Saturday was a busy day.  We spent the majority of the afternoon at the Beer-B-Que Bash at Smoky Oak Taproom on James Island.  The event consisted of numerous representatives from breweries across the country hyping up their personal brew masterpieces outside in the restaurant’s parking lot.

No pretension here, as the vendors literally just threw up tents and a few tables and got to work serving their 6 oz. samples to the throngs of curious attendees.  It seemed like the event went over very well for both the brewers and the restaurant, which was churning out pork sandwiches and fried okra at an exceptional pace.  The trip over to JI was well worth it, as I discovered two new favorite beers that I will certainly be searching the city for in short order:  Full Sail Session Lager, a pre-Prohibition style lager, and New Holland Golden Cap Saison, a pale ale that truly tastes like summer.

Today, we’ll be taking the quick walk to King Street for the “Do the Charleston” street festival.  Portions of the street will be closed to traffic and although I am still unsure what exactly is going to be occurring, I would assume a safe bet would be ‘street vendor-y stuff’.

We also took a trip to the truly amazing river town of Rockville on Saturday, but a description of that outing will be saved for another day.  Too much to do to be sitting indoors typing about all of this fun!

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As you probably have seen, Chris is out of town leaving me with no choice but to post without him. Hope this will suffice!

Growing up, whenever my dad would head to the lake to go fishing, mom would barely let his car crank before saying “when the cat’s away the mice will play.”  It was nice to have another one of those special weekends. Despite what Chris thinks we didn’t talk about stickers, unicorns, or braiding hair at all; however we did some serious shopping.

Our strolls up King Street often end at Urban Outfitters, a family favorite due to the amazing architecture inside and out. It is now housed in what used to be the Garden Theater which opened in 1918. The Garden Theater housed a actual garden of hanging baskets and singing canaries in the entry. The store has maintained the original theater structure with balconies full of sale items and dressing rooms located on the stage. Even if you aren’t a serious shopper it is a must see next time you are in town.  Don’t forget to look up! The store has beautiful intricate molding and still maintains its lighting grid system.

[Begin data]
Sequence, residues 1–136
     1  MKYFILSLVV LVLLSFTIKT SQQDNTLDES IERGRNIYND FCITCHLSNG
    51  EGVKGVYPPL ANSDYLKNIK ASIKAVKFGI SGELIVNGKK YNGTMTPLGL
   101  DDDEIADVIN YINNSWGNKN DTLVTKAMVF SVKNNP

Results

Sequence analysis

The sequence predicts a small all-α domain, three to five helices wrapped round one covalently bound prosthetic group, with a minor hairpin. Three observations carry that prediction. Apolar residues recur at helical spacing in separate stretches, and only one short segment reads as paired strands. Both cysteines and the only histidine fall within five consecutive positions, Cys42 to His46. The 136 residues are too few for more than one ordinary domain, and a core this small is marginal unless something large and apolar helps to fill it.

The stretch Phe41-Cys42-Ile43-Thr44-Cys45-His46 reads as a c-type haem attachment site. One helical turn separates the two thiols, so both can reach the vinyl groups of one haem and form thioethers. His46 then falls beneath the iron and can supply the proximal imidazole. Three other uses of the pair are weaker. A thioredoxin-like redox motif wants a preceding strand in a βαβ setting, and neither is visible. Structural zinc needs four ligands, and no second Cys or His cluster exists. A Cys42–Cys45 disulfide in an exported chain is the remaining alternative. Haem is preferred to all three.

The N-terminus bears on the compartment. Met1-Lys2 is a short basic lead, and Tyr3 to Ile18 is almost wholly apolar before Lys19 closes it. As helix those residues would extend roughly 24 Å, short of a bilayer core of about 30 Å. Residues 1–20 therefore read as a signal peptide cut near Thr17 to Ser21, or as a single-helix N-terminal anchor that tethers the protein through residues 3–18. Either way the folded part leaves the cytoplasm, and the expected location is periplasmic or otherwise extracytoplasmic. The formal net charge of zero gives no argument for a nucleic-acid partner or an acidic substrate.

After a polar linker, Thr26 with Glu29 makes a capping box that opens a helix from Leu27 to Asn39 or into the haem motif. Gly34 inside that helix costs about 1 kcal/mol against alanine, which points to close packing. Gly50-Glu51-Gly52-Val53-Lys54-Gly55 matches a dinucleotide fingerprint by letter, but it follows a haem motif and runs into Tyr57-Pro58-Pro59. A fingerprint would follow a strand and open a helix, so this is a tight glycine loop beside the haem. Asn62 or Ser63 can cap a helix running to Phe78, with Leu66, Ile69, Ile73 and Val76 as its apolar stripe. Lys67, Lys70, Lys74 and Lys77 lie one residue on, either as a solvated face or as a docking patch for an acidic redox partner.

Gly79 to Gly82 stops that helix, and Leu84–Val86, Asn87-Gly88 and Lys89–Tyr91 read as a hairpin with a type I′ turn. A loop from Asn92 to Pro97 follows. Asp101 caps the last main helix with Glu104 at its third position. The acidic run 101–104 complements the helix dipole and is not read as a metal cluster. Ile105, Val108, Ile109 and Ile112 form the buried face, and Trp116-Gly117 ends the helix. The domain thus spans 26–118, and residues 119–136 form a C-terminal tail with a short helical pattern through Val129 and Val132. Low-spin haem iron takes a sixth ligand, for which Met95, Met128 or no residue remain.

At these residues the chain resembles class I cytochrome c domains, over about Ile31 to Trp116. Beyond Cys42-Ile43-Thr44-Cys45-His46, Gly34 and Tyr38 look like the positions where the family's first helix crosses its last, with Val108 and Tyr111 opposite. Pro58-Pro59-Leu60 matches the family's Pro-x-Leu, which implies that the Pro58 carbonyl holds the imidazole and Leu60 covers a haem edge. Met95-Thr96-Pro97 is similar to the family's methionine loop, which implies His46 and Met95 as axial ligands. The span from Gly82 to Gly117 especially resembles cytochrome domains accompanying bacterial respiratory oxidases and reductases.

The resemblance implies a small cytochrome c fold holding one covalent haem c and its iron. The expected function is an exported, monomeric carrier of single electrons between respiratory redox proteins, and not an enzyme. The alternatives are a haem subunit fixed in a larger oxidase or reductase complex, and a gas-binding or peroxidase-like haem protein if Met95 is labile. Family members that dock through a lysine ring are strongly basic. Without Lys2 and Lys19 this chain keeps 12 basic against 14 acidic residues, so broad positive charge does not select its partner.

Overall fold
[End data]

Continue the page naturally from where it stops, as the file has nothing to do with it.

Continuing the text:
Even the most girly of girls need a break occasionally, for us it was a jaunt to the Dragon Boat Festival.

We arrived with no expectations but quickly realized we had joined in on Charleston’s biggest tailgate. Teams of fans were sporting decorated tents, matching shirts, and were cheering on their teams rowing along the Ashley River while chowing down on an array of delicious smelling food.

We were lucky enough to witness one of the boats capsize, dumping its team into the river. It was quickly apparent that these boats were not made to take on water.  Once the team was rescued and the half flooded dragon boat was returned to shore the cheering and back to back races continued.  This exciting event supporting Cancer survivors will definitely make my 2011 calendar!

Stay tuned tomorrow for a guest post by my one and only sister! Caroline found a new Charleston favorite and decided she wanted to chip in and support our blog. I promise you won’t be disappointed.

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Because our dog is completely neglected by us, our friends, our neighbors, the mailman, the bed and breakfast owner next door, longtime residents, tourists, online news outlets, and, well, literally everyone she has ever come in contact with, we decided it would be quite a treat for her to have some social interaction and experience the wonder that is the Charleston Dog Show.  The event, held at Marion Square, is probably best described as “the happiest ~10 acres on the planet”.  Every living creature on the grounds, from dogs to dog owners and dog-fearing squirrels to I-have-no-idea-what-is-going-on earthworms, were all smiles, besides the few unfortunate souls who managed to careen their way straight into a solitary robust pile of digested Iams dogfood that was the size of a shipwrecking maelstrom.

The function was headlined by a very amateur (but fun) dog show showcasing Charleston’s best aspiring AKC contenders.  In addition, pretty much every local business having anything to do with canines was represented.  Need a dog walker?  Check.  Need a dog made out of knots from an old sailing vessel? Check (but why would you want that again?)  Finley had an absolute blast and made quite a few new friends.  For any dog lover, owner or not, I would highly recommend checking out the 2011 show.

Following the dog show, we made our way up St. Phillip Street to the Affordabike Summer Blowout only to discover that the organizers were definitely operating on “Charleston time”, which means they were very late in getting started but probably didn’t care, and, of course, we didn’t either (and had no choice in the matter regardless).  I have been in the market for a new bike for a little while now, and despite rushing to get things in order for the block party, one of the partners graciously allowed us to survey his inventory in his then-closed store and took quite a bit of time to answer my numerous questions, which guaranteed a visit from me in the near future for a purchase.